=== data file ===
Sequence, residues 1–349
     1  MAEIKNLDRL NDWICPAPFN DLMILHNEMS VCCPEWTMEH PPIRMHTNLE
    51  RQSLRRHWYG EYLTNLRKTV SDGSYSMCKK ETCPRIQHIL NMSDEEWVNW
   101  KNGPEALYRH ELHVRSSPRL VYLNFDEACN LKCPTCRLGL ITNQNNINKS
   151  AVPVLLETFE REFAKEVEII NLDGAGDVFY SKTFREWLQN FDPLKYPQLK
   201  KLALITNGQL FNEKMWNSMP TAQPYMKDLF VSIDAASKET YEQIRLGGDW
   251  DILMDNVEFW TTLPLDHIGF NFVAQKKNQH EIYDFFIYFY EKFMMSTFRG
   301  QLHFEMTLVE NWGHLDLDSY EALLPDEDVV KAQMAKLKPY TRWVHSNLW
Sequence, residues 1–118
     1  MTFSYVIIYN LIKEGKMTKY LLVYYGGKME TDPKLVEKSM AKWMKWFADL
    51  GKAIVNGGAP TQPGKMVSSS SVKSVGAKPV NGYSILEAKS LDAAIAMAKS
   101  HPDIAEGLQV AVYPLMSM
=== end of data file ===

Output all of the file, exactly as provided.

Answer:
Sequence, residues 1–349
     1  MAEIKNLDRL NDWICPAPFN DLMILHNEMS VCCPEWTMEH PPIRMHTNLE
    51  RQSLRRHWYG EYLTNLRKTV SDGSYSMCKK ETCPRIQHIL NMSDEEWVNW
   101  KNGPEALYRH ELHVRSSPRL VYLNFDEACN LKCPTCRLGL ITNQNNINKS
   151  AVPVLLETFE REFAKEVEII NLDGAGDVFY SKTFREWLQN FDPLKYPQLK
   201  KLALITNGQL FNEKMWNSMP TAQPYMKDLF VSIDAASKET YEQIRLGGDW
   251  DILMDNVEFW TTLPLDHIGF NFVAQKKNQH EIYDFFIYFY EKFMMSTFRG
   301  QLHFEMTLVE NWGHLDLDSY EALLPDEDVV KAQMAKLKPY TRWVHSNLW
Sequence, residues 1–118
     1  MTFSYVIIYN LIKEGKMTKY LLVYYGGKME TDPKLVEKSM AKWMKWFADL
    51  GKAIVNGGAP TQPGKMVSSS SVKSVGAKPV NGYSILEAKS LDAAIAMAKS
   101  HPDIAEGLQV AVYPLMSM